In Situ Calibration of Cohesive Zone Models for Composite Damage

Lead Research Organisation: University of Southampton
Department Name: Faculty of Engineering & the Environment


The process for designing with composite materials remains highly dependent on mechanical testing. This is time consuming and expensive. A more efficient process would involve increased use of modeling and simulation to iterate on designs. The core problem lies in the lack of good models for the failure processes that determine the strength and durability of composite structures. These processes are complicated and occur at several lengthscales. An effective modeling approach would be capable of working across multiple lengthscales and yet fit within the numerical frameworks (typically finite element models) commonly used in structural design and analysis. Cohesive zone models (CZM) have recently received considerable attention as offering a numerically efficient means of meeting these aims. They are readily embedded in finite element models, and yet can capture some of the key mechanisms occurring at several lengthscales. However, for the most part these models have not been independently calibrated and therefore have limited predictive capability. This proposal aims to address this limitation by applying a novel experimental technique, high resolution X-ray tomography, in combination with penetrants or particles to enhance contrast, to obtain the necessary data to allow independent calibration of cohesive zone models.High resolution X-ray tomography can allow sub-micro displacement and spatial resolution and strain resolution of less than 100 microstrain. This should be more than sufficient resolution to capture the damage-modified strain and displacement fields relevant to determining failure of composite structures. Such high resolution requires use of high-energy synchrotron radiation, so this work will be conducted in collaboration with the European Synchrotron Radiation Facility at Grenoble. Lower resolution work (1-10 micron resolution) will be performed with a lab-scale tomographic imager at Southampton University to be partially purchased by this grant.In order to evaluate the efficacy of a cohesive zone model, an existing model created by collaborators at Rockwell Scientific will be used. This can be modified or substantially revised depending on the results of the experimental strain mapping. The problem of notch-tip damage and notched strength will be tackled as it represents a key test case that has hitherto proven difficult to model without resorting to calibration on the data set being modeled, which amounts to empirical curve fitting. The work will be performed in conjunction with SP systems, a leading UK supplier of composite materials and Airbus UK a leading UK designer and user of composite materials and structures.


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Description This project provided the first demonstration of the use of high resolution X-ray computed tomography to characterize and quantify damage development in commercially available composite systems. Quantitative data was obtained in 3-D for key parameters such as crack opening and shear displacements and fibre break accumulation as a function of applied load. This data has been used to validate and calibrate mechanism-based models for composite damage.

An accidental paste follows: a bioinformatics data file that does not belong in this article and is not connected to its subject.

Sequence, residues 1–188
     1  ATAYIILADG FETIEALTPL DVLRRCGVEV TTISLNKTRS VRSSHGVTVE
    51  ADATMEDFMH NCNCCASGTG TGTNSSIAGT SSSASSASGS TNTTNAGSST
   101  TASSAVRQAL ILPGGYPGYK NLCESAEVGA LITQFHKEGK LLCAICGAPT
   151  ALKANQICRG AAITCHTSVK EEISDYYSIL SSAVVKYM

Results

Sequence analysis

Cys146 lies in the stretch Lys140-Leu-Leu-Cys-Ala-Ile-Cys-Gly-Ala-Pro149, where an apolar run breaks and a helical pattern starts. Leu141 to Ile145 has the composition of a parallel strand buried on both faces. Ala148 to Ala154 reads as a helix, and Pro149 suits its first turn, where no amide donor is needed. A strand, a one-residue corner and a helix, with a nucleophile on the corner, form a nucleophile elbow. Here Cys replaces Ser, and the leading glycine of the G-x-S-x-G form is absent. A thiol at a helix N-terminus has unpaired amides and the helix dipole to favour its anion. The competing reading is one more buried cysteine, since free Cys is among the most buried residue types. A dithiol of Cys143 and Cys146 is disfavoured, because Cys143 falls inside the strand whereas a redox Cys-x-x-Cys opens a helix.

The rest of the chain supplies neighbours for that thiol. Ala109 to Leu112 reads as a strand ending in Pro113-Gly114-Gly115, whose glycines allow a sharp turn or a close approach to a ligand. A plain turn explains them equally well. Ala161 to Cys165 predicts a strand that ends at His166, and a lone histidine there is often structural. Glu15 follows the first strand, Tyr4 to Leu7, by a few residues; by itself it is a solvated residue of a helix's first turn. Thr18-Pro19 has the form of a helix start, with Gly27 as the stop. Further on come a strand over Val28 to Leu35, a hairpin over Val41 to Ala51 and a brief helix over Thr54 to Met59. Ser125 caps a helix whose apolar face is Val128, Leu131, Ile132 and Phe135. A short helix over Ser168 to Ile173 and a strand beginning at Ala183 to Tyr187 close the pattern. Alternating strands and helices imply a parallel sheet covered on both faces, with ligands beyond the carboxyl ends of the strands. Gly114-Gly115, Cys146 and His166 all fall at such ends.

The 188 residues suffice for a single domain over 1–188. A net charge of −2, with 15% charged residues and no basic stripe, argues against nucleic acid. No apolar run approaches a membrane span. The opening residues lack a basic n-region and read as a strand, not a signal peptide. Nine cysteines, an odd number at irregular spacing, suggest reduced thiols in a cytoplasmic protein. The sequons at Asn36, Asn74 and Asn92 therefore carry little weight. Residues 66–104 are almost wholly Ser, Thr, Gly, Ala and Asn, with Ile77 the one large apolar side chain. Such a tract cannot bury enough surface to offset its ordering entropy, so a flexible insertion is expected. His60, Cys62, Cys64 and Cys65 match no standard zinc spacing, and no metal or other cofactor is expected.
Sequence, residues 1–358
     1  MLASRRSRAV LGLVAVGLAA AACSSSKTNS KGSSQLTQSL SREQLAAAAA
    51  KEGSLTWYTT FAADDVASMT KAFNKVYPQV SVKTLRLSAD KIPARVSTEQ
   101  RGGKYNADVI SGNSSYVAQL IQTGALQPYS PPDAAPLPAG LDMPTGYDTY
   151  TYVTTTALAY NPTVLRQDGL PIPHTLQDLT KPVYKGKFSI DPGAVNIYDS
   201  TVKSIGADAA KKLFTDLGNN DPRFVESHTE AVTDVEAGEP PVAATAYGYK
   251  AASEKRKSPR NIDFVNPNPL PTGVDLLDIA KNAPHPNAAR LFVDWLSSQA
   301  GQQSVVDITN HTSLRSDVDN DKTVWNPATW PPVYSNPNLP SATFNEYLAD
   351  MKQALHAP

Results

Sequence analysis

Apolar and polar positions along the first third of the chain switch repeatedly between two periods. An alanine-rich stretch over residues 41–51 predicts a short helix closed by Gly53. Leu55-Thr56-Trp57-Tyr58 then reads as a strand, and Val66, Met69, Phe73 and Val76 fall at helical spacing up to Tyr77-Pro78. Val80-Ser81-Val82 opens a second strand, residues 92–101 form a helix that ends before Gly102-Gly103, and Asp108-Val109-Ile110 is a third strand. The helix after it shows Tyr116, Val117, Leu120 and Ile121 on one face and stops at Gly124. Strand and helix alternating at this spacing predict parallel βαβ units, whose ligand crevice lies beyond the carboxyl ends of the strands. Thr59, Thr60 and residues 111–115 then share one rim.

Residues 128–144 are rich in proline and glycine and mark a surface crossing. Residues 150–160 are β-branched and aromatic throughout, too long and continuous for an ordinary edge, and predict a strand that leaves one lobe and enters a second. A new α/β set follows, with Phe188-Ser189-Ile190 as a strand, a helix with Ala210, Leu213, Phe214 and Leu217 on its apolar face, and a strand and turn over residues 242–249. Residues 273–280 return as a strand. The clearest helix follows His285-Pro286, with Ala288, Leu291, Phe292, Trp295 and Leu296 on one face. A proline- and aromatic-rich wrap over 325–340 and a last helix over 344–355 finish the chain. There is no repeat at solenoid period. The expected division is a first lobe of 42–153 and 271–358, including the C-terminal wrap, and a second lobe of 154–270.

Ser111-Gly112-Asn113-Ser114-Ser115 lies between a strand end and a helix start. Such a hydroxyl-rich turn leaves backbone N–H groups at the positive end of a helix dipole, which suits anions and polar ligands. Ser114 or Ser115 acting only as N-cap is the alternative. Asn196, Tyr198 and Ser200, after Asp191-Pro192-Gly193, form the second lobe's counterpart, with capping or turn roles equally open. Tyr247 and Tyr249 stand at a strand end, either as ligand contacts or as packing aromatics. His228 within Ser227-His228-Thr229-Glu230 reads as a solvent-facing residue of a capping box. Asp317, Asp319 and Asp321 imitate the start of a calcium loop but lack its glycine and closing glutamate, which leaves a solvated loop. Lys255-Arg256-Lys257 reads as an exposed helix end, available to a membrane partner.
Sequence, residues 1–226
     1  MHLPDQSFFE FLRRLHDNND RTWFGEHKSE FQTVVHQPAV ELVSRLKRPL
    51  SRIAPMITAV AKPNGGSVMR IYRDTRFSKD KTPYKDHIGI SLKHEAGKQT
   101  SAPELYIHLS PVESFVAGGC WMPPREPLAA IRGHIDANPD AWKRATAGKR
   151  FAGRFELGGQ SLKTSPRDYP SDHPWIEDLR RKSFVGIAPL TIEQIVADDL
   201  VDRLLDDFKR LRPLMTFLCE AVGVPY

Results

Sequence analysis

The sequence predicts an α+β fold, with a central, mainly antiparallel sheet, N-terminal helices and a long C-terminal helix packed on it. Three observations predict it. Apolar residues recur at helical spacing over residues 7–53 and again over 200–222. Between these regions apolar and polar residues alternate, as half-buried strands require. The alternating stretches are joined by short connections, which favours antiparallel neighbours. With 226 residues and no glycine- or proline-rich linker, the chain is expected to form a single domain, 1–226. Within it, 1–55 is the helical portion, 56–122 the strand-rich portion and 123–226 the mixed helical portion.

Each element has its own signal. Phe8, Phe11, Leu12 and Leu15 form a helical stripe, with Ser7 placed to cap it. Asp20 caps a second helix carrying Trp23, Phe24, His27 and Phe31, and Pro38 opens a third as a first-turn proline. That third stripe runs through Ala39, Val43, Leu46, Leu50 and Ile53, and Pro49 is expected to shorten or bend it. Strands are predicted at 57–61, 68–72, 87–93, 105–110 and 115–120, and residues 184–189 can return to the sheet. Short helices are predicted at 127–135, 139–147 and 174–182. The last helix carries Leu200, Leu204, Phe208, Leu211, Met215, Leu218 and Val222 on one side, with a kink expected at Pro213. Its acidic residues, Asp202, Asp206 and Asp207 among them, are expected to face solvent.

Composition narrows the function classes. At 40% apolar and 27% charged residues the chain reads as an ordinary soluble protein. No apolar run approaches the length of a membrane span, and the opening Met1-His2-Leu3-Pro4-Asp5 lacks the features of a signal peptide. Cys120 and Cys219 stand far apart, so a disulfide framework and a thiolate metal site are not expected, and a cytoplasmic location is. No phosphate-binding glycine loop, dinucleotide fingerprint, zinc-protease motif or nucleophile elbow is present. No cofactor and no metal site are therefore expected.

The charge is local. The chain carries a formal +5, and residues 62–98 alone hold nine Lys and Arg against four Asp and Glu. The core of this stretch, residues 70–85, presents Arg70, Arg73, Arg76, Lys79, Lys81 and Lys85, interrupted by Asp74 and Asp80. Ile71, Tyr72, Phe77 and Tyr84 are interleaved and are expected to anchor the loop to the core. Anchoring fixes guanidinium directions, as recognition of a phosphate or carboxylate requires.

Exploitation Route The level of industrial interest is high. One company has already been able to identify a previously hidden correlation between voids and fatigue life. Another company has been able to understand the consequences of a non-uniform distribution of fibres on the burst strength of pressure vessels. The initial EPSRC project has resulted in follow-on four research programmes wholly or partly supported by industry, with Vestas, Teledyne Scientific, Cytec and Luxfer as the partner companies. The ability to understand damage mechanisms and their dependence on processing route and microstructure is the key common feature of all of these collaborations. The techniques developed under the EPSRC grant are at the heart of an emergent methodology by which damage mechanisms are correlated with microstructural features (e.g. voids, resin rich regions, fibre rich regions, toughening particles), in order to guide material and process development and supporting analytical models.
Sectors Aerospace, Defence and Marine,Energy,Transport

Description The use of high resolution computed tomography has been very influential. Several international companies have approached us, including Cytec, Mitsubishi Rayon and the Boeing Company as a result of the work that we published from the original EPSRC grant. There are two particularly significant areas of interest: 1) basic understanding of the mechanisms contributing to tensile strength and toughness to allow for improved material development and 2) understanding how manufacturing defects and in service damage affect strength and durability.
First Year Of Impact 2012
Sector Aerospace, Defence and Marine,Energy,Transport
Impact Types Economic

Description EPSRC Programme Grant
Amount £6,331,952 (GBP)
Funding ID EP/N035437/1 
Organisation Engineering and Physical Sciences Research Council (EPSRC) 
Sector Public
Country United Kingdom
Start 07/2016 
End 07/2021
Organisation Airbus Group
Country France 
Sector Academic/University 
Start Year 2006
Description Rockwell International CO. 
Organisation Rockwell International
Country United States 
Sector Private 
Start Year 2006
Description Structural Polymer Systems Ltd 
Organisation Structural Polymer Systems Ltd
Country United Kingdom 
Sector Private 
Start Year 2006